Watts received 200 hours’ suspension for violating codes of conduct. In addition, the department required him to participate in the Employee Assistance Program and indefinitely suspended his use of patrol cars, requiring him to patrol the community with a bicycle or Segway.

Records in his internal affairs file show Watts’s blood-alcohol level was about 0.16, twice the legal limit to drive. Watts told internal investigation officers that he had four to six drinks over a four-hour period before the accident.

Here are some of the details in the other four cases:

– Canine Officer Craig Pfeuffer received a written reprimand after he destroyed a patrol car about 2 a.m. Aug. 22 during a high-speed chase on 13th Avenue South and Roberts Drive. He wasn’t wearing a seat belt during the incident.

Pfeuffer was chasing people who had fled a home invasion robbery on Sixth Avenue South. The roads were wet because Tropical Storm Fay had drenched the area.

At one point, Pfeuffer drove up to 73 mph as he pursued the car west on 13th Avenue South. He put on the brakes as he neared the curve at Roberts Drive. But he lost control of the car and it jumped the curb, went airborne and landed in the bushes near a chain link fence.

– Officer Brandon Shoemaker received a written reprimand for chasing people in a stolen truck Aug. 31. Those in the truck were fleeing a burglary in Ocean Cay, a neighborhood off South Beach Parkway.

Shoemaker was chasing the truck about 10 p.m., going south on Third Street South, when a sergeant told him to “break it off” because there was too much traffic and the suspects were involved only in a property crime. Despite the sergeant’s order, Shoemaker turned on the patrol car’s lights and sirens and continued the chase for a few more minutes, the internal affairs report said.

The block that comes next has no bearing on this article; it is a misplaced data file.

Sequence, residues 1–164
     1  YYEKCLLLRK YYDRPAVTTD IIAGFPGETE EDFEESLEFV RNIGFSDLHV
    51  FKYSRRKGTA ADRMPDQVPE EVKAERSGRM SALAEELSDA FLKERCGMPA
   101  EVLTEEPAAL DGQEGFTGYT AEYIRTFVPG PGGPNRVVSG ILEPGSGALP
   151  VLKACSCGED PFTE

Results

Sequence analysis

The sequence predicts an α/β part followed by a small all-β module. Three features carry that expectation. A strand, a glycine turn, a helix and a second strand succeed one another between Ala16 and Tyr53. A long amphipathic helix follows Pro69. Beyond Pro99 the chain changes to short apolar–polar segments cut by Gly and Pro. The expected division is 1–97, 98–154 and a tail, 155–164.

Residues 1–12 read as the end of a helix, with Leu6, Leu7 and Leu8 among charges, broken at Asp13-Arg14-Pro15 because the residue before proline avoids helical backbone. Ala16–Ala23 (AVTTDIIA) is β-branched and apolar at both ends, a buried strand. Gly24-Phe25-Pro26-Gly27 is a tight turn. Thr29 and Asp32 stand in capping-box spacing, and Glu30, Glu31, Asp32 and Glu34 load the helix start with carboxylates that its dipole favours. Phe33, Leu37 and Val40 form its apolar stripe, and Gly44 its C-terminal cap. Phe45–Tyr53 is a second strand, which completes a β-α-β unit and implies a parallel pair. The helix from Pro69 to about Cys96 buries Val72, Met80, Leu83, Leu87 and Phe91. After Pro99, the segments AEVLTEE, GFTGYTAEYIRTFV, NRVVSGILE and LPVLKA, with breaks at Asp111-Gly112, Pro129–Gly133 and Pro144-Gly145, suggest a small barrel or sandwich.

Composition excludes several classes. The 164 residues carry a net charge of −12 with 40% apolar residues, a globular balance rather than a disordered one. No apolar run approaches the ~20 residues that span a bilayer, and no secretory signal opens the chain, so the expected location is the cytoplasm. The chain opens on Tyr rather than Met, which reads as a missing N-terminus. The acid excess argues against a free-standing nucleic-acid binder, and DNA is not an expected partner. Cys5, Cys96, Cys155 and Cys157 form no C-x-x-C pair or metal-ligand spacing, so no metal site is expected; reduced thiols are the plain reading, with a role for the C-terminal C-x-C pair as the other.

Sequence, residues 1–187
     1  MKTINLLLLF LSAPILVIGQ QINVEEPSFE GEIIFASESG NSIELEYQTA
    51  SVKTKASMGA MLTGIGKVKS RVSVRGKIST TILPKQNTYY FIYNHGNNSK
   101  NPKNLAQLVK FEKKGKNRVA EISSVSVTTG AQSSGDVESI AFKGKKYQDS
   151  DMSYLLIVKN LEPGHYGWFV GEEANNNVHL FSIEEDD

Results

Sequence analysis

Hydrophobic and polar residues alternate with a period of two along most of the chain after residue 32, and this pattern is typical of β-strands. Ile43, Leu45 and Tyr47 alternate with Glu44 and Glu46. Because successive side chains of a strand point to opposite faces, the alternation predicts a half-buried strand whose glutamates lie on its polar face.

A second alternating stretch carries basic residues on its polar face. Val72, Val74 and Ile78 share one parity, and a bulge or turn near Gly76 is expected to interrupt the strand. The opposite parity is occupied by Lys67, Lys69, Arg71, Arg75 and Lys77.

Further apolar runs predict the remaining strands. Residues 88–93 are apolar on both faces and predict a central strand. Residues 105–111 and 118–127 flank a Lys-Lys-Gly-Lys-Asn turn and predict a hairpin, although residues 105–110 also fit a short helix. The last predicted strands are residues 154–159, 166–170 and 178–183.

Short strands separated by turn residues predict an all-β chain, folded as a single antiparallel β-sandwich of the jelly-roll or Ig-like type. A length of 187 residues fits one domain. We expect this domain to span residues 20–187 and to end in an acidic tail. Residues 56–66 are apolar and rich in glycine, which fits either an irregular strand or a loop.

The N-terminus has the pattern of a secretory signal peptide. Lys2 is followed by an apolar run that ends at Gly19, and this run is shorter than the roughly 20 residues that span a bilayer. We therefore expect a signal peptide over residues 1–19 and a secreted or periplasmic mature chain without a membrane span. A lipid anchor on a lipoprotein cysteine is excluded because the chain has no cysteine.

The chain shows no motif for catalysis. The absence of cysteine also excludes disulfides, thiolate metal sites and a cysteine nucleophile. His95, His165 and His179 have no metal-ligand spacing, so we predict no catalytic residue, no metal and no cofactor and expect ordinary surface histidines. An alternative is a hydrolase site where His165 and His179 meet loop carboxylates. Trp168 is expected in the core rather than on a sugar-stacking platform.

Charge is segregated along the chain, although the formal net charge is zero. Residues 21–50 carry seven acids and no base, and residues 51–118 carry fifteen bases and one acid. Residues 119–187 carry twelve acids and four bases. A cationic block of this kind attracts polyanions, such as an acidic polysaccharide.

Shortly after crossing into St. Johns County, the suspects’ vehicle lost control and crashed. No one was seriously injured.

– Another case, involving the improper use of a criminal background search in March, led to 30 hours’ suspension for Officer Shawn Stieb and 10 hours’ suspension for Officer Jason Ashton.

Stieb told investigators that he needed to get a criminal background check on his daughter’s friend before she could attend the senior prom with his daughter in St. Johns County. Students who don’t attend St. Johns County public schools can’t buy a prom ticket until they are cleared by a criminal background check.

Ashton was disciplined for letting Stieb do the computerized criminal justice search with his identification number and agreed to sign a memo confirming the girl did not have a criminal record. City policy prohibits police officers from using the criminal background system for personal reasons.

– Officer Michael Branscom received a written reprimand for cursing and using unnecessary force on a woman at a loud house party in the 1300 block of Sixth Avenue North. About 40 people attended the Oct. 4 party, where underage people were drinking alcohol, Branscom said.